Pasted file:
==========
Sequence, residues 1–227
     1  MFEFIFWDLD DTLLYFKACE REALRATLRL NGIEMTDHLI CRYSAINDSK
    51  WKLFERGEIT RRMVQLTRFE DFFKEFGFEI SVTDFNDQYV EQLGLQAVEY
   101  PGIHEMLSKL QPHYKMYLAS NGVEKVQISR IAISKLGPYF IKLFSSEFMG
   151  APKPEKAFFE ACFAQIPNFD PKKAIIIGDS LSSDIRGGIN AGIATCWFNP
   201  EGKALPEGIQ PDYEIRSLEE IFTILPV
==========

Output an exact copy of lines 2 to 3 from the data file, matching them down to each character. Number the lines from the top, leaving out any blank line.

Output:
     1  MFEFIFWDLD DTLLYFKACE REALRATLRL NGIEMTDHLI CRYSAINDSK
    51  WKLFERGEIT RRMVQLTRFE DFFKEFGFEI SVTDFNDQYV EQLGLQAVEY